Get Away to the 16th Century with the Maryland Renaissance Festival

Get Away to the 16th Century with the Maryland Renaissance Festival

Take a step into a different world of entertainment, food and costume during English village life in the 16th century.
ANNAPOLIS, Md. - Step into life in an English village during the 16th century. 

The Maryland Renaissance Festival is the second largest, as far as attendance, in the country. Running nine weeks from August through October, the Festival President, Jules Smith, says it's a show of all seasons.

"It's high-touch entertainment, not high-tech entertainment: It's something you can experience with other people. It's a shared thing, you're not sitting home watching television. I think because so many people today are into role-playing, computer games and whatnot, here's an opportunity to get out and really do something," said Smith.

And speaking of role-playing, one couple sure dresses the part. Sharon and Jimmy Kraftchak of Virginia say costume let's people step into a different world, and for them, it all started with a hat.

"He wanted to buy a hat, and of course, if you give a man a hat, he's going to want a jacket to go with it. Then we started dressing and becoming what they call 'playtrons,' which are patrons that dress," said Sharon Kraftchak, Virginia Renaissance Faire "playtrons."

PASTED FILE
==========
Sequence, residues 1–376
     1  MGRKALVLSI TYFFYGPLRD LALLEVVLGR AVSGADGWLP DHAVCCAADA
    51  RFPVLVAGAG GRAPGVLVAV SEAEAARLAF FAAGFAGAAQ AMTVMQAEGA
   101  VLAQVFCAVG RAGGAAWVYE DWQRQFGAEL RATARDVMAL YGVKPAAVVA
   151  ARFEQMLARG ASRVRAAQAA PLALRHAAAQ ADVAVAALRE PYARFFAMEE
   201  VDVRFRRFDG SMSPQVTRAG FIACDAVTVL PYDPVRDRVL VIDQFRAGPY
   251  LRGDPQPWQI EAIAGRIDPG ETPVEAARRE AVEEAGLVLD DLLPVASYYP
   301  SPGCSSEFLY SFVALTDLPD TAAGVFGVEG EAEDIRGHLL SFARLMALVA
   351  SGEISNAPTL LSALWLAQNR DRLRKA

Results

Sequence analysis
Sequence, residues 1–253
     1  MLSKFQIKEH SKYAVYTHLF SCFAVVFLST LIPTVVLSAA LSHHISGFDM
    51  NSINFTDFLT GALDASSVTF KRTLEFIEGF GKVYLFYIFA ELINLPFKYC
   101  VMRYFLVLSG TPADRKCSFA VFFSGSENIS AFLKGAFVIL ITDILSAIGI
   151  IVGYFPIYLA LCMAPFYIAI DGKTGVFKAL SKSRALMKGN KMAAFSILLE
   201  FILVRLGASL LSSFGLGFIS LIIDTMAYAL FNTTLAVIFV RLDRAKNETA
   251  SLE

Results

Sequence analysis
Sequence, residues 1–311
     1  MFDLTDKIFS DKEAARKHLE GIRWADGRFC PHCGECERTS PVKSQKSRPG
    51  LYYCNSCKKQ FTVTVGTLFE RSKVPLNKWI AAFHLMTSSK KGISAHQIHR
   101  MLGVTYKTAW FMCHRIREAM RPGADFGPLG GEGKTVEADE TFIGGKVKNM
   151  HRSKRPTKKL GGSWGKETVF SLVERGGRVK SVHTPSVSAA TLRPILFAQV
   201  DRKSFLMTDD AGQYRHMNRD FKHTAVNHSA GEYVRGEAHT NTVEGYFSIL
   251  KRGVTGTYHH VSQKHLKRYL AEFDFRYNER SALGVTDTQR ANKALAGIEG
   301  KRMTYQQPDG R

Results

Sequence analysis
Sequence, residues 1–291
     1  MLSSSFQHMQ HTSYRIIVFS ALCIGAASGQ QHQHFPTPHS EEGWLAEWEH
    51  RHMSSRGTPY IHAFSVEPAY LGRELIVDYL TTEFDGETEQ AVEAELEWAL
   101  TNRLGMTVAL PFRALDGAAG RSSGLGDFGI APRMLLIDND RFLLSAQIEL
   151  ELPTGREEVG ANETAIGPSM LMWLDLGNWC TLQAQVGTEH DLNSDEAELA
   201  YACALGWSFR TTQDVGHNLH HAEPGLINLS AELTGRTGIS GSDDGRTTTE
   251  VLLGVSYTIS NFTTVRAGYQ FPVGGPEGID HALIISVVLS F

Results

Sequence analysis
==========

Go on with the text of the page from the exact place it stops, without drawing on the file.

They're casted as royal characters in Queen Elizabeth's court for the Virginia Renaissance Faire. Here in Maryland, the Festival plays the part of King Henry's court.

The Festival is for all ages, with over 250 performers, vendors and shows, from Shakespearean plays to a sword-swallowing Guinness World Record-holder. Then, even though it's entertainment, Smith says the Festival can give families a way to cope.

"After September 11, which was a tragedy for everybody, we were open that next weekend and I would venture to say about 40 percent of our people came in costume. We had our biggest weekend of the year that year, because people wanted some escapism; and that's what we offer," said Smith.

Escaping to the Renaissance with a fun twist. 
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